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ADDIE by Mind Map: ADDIE

1. Analyze

1.1. With a training topic in mind, answer key aspects about Who, What, Where, Why, and How.

1.1.1. Who needs this training? Are they the consumer or end user? Who will be affected by the training topic?

1.1.2. What does the training need to cover specifically? What skills or knowledge needs to be shared?

1.1.3. Where will the training be: online, in person, or a combination? Where will the resources and materials be housed for the learner?

1.1.4. Why is the training needed? Should this be offered in an official training format?

1.1.4.1. How will the skills be taught and analyzed? How will the training show to be effective at transferring knowledge to the learner?

2. Development

2.1. This step involves the prep work for the materials needed for each objective towards the training's goal.

2.1.1. What materials are already created? Can they be used as is or do they need updates? Are they currently being used for a different purpose and cannot be changed?

2.1.2. Does the audience have time for an hour long activity? Does the content fit that style of activity? Does the learner have background noise that would make listening to a video or eLearning difficult to retain information?

2.1.3. Be sure content doesn't overlap but build. If an in-person training shows a PowerPoint to teach a process, but there is an activity for that process in a testing environment, use the tell - show - do - practice - review order to utilize the activity in a different way than the tell/show PowerPoint.

2.1.3.1. For example, the Powerpoint would be used to tell the differences between old and new processes, then show the steps. Using the testing environment, the facilitator would show the new process and let the learners try. Discussion would allow for further learning and understanding.

3. Evaluation

3.1. Kirkpatrick's 4-Level Model of Evaluation should be used to assess the effectiveness of the training program.

3.1.1. Level 1 - Was the reaction to the training program positive?

3.1.1.1. Was the learner confident they retained the information?

3.1.1.2. Was the learner stressed before, during, or after the training?

3.1.2. Level 2 - Was the knowledge successfully transferred to the learner?

3.1.2.1. Was the assessment accurate to test new knowledge?

3.1.2.2. Did every learner get the same knowledge check or section wrong?

3.1.2.2.1. If the learner isn't able to pass the knowledge checks, troubleshoot by asking what the challenges were.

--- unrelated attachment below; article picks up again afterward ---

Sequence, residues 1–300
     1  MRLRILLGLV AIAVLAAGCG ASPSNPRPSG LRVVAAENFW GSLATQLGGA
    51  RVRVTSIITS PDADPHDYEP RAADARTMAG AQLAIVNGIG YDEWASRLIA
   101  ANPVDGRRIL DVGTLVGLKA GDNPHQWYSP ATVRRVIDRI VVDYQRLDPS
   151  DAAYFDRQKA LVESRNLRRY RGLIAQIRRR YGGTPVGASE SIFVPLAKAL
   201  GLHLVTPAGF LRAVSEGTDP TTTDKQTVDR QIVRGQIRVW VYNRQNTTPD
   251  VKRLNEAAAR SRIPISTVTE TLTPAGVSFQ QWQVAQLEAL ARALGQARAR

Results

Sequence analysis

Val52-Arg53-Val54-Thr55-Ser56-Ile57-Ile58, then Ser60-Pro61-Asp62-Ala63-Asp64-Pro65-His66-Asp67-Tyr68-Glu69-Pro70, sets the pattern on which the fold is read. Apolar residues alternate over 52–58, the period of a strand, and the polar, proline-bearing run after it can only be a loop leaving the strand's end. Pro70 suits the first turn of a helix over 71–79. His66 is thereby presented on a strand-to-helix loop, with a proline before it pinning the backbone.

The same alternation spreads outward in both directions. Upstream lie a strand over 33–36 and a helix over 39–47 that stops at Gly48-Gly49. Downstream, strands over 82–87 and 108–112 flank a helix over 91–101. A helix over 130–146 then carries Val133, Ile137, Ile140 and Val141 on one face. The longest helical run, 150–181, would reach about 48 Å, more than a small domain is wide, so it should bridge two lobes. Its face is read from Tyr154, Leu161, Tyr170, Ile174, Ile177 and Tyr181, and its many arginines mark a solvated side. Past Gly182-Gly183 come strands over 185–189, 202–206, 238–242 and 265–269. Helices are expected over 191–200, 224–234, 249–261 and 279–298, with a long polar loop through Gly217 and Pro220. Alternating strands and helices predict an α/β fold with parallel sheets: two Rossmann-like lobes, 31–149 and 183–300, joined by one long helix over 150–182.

3.1.3. Level 3 - Did the learners change their behavior to reflect the training?

3.1.3.1. If training was a process change, are the learners following the new process?

3.1.3.2. If the training was to reduce mistakes, does data report a change in that mistake?

3.1.4. Level 4 - Did the change from training affect the organization positively?

3.1.4.1. Were the objectives of the training met?

3.1.4.2. Were the training goals in line with the organization's goals?

3.2. Peer review should happen at all stages of ADDIE, however this last piece of reviewing the final material should be reviewed by people of various applicable skills and knowledge level. If someone who has no idea about the topic can complete the training's goal, then it can be deamed effective.

4. Design

4.1. The goals of the training is divided into objectives and skills needed for the learner to perform the outcome of the training.

4.1.1. Chunk the content by skill set needed and process order. Be sure the skills develop on each other, such as teaching the vocabulary and skills to use an oven before teaching how to broil a steak. The learner needs to know that the broiler is located in the oven and how it works.

4.1.2. Create a facilitator's guide that corresponds with the chunked content. Activities, time spent, and assessment instruments should be listed in an organized way. Any trainer should be able to pick this up and be able to guide the learner through the materials and activities.

4.1.3. Determine where resources should be housed for reference after training. Electronic or paper references have different pros and cons, however it is important that the learner has access to content to answer future questions on their own by reviewing it.

4.1.3.1. For example, the training materials could include a test environment with a document. Then that document and key information is housed/cloud location with a team dedicated to updating the material. This way, the learner has a new location going forward for resources instead of possibly dated training notes.

4.1.4. Peer review should accompany this, not just for flow of content, but accuracy of content and design.

5. Implementation

5.1. Deliver the training materials to the learners, providing assistance as needed.

5.1.1. Flexibility with content to match how the learners learn is important.

5.1.1.1. If the training was offered online, but the learners need more guidance, then a trainer-led training may need to be developed.

5.1.2. Peer review should occur here for the effectiveness of the material, knowledge checks, and adherence to the training's goals.

5.1.2.1. Sometimes by this point, the material may have drifted away from the original training goal to pigeon-hole on a single objective or skill.

5.1.2.1.1. Having leadership review, including the leaders that the learners report up to, helps to keep the training on track and gives an opportunity for content accuracy changes.

6. Resources

6.1. ADDIE: 5 Steps To Effective Training | LearnUpon

6.2. 4.3 The ADDIE model – Teaching in a Digital Age

6.3. https://www.mc.vanderbilt.edu/documents/The%20Learning%20Center/files/ADDIE_JOB%20AID.pdf